More time, more money, more frustration. As CME providers know all too well, pharmaceutical companies' new grant application processes, created in response to the regulatory environment, have made it much more difficult to get commercial support. Lori Foley, director, corporate development at the American Academy of Family Physicians, Leawood, Kan., shared her frustrations and strategies in a presentation at the American Society of Association Executives annual meeting in Chicago in August.

Her team now has to work a lot harder to keep up the level of funding. In 2001, she said, AAFP applied for 88 CME grants and got 87 of them. In 2006, to get roughly the same amount of money, the organization had to double its applications, applying for 163 grants and receiving funding for about 85 percent of them. In 2007, in the first quarter alone, AAFP applied for 167 grants.

To handle the volume and complexity of the grant process, AAFP has doubled the staff in the corporate development office, adding a full-time grant writer, legal staff, and other positions. Before, they had two people seeking grants and one attorney reviewing applications when necessary.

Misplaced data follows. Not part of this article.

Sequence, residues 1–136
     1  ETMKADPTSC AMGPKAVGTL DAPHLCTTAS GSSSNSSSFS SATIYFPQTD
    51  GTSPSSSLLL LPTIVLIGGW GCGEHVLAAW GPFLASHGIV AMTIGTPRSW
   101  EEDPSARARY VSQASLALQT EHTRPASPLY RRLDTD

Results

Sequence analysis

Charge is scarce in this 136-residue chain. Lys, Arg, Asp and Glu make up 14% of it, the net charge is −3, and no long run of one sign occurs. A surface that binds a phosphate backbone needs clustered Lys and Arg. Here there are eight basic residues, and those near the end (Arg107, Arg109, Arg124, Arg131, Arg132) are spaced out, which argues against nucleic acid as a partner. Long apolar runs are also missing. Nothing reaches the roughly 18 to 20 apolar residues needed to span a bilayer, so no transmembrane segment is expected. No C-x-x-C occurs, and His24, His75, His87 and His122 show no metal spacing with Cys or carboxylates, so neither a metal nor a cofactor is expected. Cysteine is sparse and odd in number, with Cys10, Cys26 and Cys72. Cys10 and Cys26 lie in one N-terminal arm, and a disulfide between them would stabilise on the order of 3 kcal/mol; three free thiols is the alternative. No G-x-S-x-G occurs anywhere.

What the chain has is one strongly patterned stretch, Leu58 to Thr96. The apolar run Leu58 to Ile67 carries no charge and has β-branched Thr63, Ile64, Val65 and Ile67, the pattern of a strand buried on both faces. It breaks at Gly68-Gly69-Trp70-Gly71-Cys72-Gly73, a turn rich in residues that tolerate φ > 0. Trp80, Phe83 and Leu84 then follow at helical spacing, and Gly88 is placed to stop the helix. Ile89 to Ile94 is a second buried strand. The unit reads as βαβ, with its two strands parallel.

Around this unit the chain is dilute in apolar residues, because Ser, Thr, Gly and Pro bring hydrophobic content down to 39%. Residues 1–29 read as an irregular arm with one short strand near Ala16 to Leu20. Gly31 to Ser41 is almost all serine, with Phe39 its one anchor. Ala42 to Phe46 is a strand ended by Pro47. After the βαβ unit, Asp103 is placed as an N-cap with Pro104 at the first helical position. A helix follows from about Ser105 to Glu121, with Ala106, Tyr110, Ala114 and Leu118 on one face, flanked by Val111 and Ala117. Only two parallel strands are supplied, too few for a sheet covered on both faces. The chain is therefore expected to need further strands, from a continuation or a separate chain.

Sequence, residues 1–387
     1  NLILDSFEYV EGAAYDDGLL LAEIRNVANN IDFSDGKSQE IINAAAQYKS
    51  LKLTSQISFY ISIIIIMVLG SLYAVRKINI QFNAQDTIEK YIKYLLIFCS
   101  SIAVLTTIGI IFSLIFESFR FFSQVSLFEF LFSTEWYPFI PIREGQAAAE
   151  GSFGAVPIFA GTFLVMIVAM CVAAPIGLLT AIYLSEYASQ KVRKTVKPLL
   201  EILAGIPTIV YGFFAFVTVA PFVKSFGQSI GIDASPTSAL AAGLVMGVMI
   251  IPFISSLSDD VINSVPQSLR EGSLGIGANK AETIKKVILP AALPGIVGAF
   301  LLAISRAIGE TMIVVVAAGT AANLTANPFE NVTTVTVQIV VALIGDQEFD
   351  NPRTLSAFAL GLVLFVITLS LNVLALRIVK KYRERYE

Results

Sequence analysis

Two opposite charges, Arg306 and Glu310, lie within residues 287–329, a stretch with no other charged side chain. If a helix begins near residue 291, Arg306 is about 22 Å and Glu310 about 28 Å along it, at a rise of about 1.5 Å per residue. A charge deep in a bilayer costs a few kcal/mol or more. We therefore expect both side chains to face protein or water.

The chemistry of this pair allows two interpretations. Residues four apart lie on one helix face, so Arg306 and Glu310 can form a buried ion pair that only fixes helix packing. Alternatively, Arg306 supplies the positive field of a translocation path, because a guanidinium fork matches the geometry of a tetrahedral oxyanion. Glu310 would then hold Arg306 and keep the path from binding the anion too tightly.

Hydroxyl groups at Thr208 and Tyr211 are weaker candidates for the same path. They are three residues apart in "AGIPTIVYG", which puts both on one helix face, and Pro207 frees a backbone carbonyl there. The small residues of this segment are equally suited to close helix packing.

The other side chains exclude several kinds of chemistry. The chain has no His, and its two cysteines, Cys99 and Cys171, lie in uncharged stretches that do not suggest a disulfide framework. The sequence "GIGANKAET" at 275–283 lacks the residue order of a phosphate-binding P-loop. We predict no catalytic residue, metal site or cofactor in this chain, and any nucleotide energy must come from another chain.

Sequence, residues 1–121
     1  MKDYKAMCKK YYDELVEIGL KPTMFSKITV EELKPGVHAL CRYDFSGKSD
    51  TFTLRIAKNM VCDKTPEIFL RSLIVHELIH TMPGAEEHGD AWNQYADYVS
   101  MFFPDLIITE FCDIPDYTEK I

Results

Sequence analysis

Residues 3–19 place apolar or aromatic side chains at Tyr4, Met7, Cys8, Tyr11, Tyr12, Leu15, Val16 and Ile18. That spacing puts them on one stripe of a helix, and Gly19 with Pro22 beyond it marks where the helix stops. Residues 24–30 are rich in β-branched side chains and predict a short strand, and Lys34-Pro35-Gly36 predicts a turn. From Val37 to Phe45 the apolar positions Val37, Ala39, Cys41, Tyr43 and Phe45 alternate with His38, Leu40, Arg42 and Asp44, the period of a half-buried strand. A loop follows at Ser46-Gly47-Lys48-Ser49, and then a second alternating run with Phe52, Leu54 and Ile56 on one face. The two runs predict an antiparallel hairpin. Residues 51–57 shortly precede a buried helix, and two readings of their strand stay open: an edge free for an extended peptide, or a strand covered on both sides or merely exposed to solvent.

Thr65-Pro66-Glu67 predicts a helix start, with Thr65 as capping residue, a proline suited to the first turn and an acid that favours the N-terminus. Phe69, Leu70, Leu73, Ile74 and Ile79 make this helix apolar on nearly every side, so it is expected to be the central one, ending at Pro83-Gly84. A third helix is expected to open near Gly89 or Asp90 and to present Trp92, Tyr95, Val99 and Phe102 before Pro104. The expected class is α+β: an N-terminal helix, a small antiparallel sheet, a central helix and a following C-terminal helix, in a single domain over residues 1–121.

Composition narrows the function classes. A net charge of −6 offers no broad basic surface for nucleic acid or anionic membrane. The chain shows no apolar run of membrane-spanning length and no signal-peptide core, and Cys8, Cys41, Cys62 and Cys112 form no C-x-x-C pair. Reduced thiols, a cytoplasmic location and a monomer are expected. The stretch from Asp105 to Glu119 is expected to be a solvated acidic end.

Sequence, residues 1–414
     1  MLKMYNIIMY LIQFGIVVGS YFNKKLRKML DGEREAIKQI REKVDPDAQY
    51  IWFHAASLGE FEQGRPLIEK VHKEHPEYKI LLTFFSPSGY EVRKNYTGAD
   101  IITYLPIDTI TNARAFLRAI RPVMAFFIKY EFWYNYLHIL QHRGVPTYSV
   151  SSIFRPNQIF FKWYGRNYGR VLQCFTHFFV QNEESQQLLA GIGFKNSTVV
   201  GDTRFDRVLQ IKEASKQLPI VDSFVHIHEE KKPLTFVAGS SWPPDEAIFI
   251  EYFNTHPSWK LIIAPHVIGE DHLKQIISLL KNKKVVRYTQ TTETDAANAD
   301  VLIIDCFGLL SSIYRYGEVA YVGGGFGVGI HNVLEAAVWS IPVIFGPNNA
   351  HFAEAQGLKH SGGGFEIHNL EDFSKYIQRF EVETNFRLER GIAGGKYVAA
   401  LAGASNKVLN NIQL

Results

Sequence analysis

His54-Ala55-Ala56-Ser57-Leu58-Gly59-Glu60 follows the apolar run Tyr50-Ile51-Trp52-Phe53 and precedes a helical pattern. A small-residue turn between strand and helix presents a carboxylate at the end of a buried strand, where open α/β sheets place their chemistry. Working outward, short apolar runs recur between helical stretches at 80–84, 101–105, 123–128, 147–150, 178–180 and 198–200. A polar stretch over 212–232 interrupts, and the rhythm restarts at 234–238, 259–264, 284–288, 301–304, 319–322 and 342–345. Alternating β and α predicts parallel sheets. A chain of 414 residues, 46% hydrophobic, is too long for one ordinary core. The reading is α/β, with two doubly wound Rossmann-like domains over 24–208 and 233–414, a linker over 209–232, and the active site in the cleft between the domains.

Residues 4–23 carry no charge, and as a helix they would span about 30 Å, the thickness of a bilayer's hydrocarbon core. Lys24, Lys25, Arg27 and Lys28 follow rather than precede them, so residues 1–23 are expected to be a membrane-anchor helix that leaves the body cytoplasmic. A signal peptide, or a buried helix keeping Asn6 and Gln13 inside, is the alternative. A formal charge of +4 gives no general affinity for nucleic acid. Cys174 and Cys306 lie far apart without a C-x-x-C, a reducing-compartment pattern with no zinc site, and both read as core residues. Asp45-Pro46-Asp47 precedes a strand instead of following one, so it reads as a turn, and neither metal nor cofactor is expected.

She offered providers several tips.

Do your homework. Before submitting an application, check the company Web site to make sure it specializes in the therapeutic area your activity focuses on. Even if it does, funding in that area might not be available or might be “closed out” for the year, so Foley encourages people to use the toll-free numbers that companies provide to ask if funding is available in a particular area.

Create a database. Foley recommends that associations set up an online grant database. In the AAFP database, her team tracks “every single nuance” for the different companies and their grant application processes, because they are all different. The database includes URLs, phone numbers, the format of the letters of agreement, whether or not the company pays for overhead (or just a portion of it), therapeutic areas or areas where funding has been provided in the past, contact people for questions on submitting, copies of past grant applications, how much time and money was spent on the application, etc. “It's a very helpful resource because you don't have to keep reinventing the wheel every time you apply for a grant,” she said.